Independence officials have a strong case to make regarding the city’s need for additional police officers, but the way they are going about it threatens to alienate voters already skeptical about government spending generally and City Hall specifically.

Independence officials have a strong case to make regarding the city’s need for additional police officers, but the way they are going about it threatens to alienate voters already skeptical about government spending generally and City Hall specifically.

City officials did their cause no favors this week by holding a public meeting in one of the four City Council districts – but then saying it wasn’t a forum for publicly asked and answered questions. Who could possibly be surprised that a couple of citizens who took the time to show up had questions and shouted them out when given no alternative during the meeting?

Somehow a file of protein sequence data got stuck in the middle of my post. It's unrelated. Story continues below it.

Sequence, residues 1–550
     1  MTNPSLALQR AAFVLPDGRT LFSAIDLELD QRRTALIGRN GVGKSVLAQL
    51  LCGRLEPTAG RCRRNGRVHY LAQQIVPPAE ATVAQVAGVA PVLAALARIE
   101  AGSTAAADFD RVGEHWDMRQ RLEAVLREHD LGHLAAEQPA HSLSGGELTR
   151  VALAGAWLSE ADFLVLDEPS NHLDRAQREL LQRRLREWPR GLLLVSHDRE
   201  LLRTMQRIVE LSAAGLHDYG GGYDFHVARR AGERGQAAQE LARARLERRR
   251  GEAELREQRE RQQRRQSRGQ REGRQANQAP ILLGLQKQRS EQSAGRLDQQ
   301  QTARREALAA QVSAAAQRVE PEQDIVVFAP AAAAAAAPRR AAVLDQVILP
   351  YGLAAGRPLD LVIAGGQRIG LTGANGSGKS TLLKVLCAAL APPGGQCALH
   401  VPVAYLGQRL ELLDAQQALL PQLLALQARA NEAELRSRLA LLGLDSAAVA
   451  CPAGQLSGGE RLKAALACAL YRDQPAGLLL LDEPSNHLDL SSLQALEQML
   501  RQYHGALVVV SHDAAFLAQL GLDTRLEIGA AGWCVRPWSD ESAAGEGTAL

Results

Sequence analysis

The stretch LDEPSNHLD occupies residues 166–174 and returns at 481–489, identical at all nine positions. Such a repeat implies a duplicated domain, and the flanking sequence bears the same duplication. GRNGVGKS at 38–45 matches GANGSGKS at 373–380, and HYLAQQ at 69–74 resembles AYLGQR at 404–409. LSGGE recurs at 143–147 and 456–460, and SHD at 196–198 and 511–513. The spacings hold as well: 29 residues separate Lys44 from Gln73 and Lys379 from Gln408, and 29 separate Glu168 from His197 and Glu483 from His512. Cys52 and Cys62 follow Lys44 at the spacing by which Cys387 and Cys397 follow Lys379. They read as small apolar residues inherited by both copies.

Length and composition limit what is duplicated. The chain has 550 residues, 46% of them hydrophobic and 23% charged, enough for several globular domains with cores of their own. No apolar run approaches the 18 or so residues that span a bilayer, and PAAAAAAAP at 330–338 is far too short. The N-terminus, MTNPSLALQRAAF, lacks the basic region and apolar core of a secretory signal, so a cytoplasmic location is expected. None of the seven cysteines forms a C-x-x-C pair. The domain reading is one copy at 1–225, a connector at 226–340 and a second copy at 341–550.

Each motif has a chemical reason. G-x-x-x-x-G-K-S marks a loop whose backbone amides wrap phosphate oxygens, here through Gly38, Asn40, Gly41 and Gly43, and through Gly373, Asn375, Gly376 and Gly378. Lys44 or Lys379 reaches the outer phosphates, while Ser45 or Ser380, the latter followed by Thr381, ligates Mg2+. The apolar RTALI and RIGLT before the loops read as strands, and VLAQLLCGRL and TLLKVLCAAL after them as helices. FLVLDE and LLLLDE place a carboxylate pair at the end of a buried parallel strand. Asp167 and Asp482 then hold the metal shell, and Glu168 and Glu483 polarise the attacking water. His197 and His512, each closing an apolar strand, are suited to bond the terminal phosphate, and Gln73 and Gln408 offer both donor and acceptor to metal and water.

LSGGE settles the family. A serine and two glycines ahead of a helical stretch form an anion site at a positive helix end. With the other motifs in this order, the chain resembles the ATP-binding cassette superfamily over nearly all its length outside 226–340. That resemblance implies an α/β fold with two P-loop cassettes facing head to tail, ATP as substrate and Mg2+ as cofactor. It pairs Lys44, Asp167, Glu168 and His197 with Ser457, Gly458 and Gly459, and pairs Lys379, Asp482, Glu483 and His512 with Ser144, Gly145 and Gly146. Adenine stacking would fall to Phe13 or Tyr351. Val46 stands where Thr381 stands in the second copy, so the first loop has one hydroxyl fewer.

The questions are reasonable: Do your crime statistics really add up? How do we know our money will go where it’s supposed to? Why is a property tax, rather than a sales tax, being considered?

A little give-and-take between residents and officials on key issues is crucial to effective local government. Officials are asking taxpayers to dig a little more deeply. Some of the taxpayers want to hear more – maybe a lot more – before they’re persuaded. If so, then that’s the immediate job at hand for the officials pushing the issue: Answer every last question, even if it takes awhile, even if it means answering a tough question or two in front of a crowd. This shouldn’t have to be explained.

The city has three more council districts and three meetings to go in the coming weeks as the April 3 vote on the issue nears. (Any citizen can go to any meeting, regardless of where they live.) Let’s hope officials are more responsive as this process goes forward.